Penn State Double Standard – Fraternities Accused And Suspended, Football Team Accused But Not Suspended

I grew up in Happy Valley, attended Penn State, and currently reside in the area, so I am biased in favor of Penn State.  While I am proud of my connections to Penn State, I am disappointed in an apparent double standard that Penn State has employed when disciplining Greek organizations when allegations of misconduct are issued.  As a criminal defense attorney, I am a strong believer in equal treatment under the law.  I concede that every case and situation is slightly different, so how situations are handled may be different, but similarly situated people or organizations should be treated in a similar fashion.  In the words of Martin Luther King, Jr., “injustice anywhere is a threat to justice everywhere.”  So, even if you don’t like fraternities, everyone should fight against injustice.

Given recent headline-making events, I believe that fraternities may be treated much differently when compared to athletic teams when allegations of misconduct are levied.  First, I understand that many people may not care about fraternities and think that all Greek organizations should be disbanded.  To those people, I would note that some members of Greek organizations have made bad decisions that have given Greek life as a whole a proverbial “black eye.”  But one rotten apple does not ruin the bunch, and an entire Greek system should not be judged by the poor decisions of a few.  Collectively, Greek life at Penn State gives back to the community, most notably through the annual THON campaign, which raises millions of dollars a year to combat childhood cancer.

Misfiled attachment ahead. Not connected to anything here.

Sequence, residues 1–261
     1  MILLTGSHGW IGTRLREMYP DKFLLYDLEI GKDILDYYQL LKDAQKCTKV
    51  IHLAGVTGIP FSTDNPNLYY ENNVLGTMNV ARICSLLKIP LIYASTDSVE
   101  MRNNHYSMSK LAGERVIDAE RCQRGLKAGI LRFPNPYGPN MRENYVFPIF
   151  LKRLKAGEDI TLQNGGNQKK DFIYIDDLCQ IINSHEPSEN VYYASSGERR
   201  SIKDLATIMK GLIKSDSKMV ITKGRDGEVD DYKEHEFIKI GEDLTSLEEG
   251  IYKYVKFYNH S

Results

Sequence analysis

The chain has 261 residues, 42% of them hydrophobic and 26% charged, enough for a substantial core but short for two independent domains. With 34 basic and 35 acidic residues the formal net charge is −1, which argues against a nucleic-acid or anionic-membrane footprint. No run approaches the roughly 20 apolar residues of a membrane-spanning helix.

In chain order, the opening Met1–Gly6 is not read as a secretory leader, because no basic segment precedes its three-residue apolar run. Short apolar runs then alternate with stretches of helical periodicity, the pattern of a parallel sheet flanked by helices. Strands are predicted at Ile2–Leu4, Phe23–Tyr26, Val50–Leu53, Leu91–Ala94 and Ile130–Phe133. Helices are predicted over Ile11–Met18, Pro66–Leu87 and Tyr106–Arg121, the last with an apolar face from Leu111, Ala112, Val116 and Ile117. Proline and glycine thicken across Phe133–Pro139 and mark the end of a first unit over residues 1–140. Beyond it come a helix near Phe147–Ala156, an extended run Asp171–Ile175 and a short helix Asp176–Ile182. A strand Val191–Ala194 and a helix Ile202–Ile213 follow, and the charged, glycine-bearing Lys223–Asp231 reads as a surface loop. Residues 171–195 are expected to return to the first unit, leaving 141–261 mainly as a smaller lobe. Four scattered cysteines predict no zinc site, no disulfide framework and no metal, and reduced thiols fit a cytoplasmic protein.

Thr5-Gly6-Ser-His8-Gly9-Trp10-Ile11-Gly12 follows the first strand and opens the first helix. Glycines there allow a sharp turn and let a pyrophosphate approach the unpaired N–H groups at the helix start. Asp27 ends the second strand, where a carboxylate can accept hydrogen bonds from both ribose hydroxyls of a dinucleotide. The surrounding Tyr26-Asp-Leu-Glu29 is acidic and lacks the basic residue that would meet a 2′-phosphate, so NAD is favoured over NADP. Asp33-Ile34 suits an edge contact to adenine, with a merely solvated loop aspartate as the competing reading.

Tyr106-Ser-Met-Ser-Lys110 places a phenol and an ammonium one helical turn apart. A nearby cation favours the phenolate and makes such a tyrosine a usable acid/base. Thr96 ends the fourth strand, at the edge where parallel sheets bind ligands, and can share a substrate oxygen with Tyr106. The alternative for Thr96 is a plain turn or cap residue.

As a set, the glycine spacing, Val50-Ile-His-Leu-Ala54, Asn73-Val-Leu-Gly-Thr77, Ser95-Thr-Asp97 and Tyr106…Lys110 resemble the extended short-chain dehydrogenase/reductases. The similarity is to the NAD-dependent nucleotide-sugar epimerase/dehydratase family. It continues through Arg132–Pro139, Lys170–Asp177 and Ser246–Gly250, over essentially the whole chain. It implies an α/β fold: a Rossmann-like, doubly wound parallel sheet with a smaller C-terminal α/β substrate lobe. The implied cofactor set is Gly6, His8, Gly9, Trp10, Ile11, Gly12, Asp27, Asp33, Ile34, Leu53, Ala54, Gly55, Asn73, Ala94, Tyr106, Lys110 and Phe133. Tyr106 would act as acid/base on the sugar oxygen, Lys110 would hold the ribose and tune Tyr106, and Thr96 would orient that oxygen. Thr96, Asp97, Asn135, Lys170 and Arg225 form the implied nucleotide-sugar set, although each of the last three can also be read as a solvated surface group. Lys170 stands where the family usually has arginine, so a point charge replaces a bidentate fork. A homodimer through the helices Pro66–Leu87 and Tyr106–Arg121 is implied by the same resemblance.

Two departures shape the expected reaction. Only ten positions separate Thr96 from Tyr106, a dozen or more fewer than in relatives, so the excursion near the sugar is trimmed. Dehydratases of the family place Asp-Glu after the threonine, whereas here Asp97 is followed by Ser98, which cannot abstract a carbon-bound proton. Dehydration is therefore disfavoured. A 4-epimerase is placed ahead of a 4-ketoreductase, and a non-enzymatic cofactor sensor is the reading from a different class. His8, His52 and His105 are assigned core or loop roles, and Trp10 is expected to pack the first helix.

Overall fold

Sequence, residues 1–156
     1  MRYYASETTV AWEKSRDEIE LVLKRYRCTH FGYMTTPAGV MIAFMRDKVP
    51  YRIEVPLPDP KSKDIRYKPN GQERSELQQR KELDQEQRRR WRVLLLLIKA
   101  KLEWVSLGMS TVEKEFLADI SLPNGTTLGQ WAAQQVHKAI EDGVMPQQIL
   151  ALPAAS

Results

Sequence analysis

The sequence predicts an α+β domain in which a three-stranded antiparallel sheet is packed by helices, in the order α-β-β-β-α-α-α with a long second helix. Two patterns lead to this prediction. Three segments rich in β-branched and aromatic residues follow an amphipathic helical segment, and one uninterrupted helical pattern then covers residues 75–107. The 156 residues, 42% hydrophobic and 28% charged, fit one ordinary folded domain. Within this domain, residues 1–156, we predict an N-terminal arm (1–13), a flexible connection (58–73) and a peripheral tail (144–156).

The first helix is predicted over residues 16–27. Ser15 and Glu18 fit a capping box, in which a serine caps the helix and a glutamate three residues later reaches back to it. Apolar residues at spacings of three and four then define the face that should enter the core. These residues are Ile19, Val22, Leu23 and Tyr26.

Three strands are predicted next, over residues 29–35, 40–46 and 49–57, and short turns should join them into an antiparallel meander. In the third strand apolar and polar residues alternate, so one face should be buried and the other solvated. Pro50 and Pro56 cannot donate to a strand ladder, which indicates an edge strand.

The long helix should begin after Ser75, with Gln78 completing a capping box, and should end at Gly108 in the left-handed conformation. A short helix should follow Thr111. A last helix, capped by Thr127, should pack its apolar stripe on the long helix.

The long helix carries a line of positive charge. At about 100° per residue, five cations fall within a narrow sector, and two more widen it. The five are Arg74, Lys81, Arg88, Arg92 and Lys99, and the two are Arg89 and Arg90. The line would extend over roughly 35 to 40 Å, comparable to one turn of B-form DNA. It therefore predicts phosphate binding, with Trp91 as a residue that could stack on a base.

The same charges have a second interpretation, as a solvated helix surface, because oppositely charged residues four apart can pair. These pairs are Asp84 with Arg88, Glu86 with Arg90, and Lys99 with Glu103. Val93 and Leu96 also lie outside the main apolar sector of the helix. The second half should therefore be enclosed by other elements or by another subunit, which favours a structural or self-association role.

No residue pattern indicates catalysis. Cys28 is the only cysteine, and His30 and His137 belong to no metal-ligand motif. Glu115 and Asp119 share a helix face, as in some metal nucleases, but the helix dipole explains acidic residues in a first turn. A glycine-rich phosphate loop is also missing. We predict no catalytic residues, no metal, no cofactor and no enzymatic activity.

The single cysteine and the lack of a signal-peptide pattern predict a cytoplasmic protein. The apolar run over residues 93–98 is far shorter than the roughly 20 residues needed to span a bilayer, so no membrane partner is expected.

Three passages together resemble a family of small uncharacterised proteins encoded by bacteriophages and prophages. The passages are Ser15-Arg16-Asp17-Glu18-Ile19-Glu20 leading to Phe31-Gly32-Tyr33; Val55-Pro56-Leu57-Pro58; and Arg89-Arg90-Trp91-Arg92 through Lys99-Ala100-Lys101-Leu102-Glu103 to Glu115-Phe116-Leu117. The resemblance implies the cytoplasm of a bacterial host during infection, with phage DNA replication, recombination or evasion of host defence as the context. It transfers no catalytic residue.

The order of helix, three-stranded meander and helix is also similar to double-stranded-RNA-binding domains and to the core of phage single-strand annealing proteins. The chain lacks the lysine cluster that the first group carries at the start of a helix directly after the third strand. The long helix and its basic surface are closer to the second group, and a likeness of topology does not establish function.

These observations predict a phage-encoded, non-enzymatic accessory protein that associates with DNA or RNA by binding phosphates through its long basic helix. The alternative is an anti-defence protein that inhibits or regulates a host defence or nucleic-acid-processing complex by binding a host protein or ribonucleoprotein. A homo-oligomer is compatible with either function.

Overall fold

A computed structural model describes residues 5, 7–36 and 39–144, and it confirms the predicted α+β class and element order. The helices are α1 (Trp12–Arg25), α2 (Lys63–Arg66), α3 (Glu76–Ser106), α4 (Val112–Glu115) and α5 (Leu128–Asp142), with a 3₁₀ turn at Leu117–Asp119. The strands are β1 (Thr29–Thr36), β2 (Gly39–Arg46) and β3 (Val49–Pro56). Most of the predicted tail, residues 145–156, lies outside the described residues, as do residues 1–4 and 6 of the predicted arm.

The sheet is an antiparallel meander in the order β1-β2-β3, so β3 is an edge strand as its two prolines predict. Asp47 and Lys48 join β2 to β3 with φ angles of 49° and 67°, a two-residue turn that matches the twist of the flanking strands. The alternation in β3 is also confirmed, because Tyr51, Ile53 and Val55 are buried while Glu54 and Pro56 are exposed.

Immediate Suspensions for Fraternities

In the fall of 2019 and spring of 2020, Penn State has issued immediate suspensions of three fraternities after allegations of misconduct were levied.  One incident involved the tragic death of a 17-year-old that had overdosed on nitrous oxide cartridges, commonly called whip-its”.  The overdose occurred at an off-campus residence, and some members of the Chi Phi fraternity lived at the residence.  The residence was NOT the Chi Phi chapter house and was not actually directly affiliated with the fraternity.  It was simply a house at which some brothers lived.  Penn State knew that the incident was not related to fraternity activities and issued an official statement admitting that the fraternity was not involved.  Despite clear evidence that the fraternity as an organization was not involved in the tragedy, Penn State immediately placed the fraternity on an interim suspension.  The suspension was lifted a month later, but Penn State’s immediate reaction was to suspend and then investigate.  Penn State also publicly disclosed the suspension sanction and advised that the matter would be investigated.  The fraternity was not afforded any privacy rights.  Ultimately, the Centre County District Attorney issued a statement advising that no one would be criminally charged in the incident.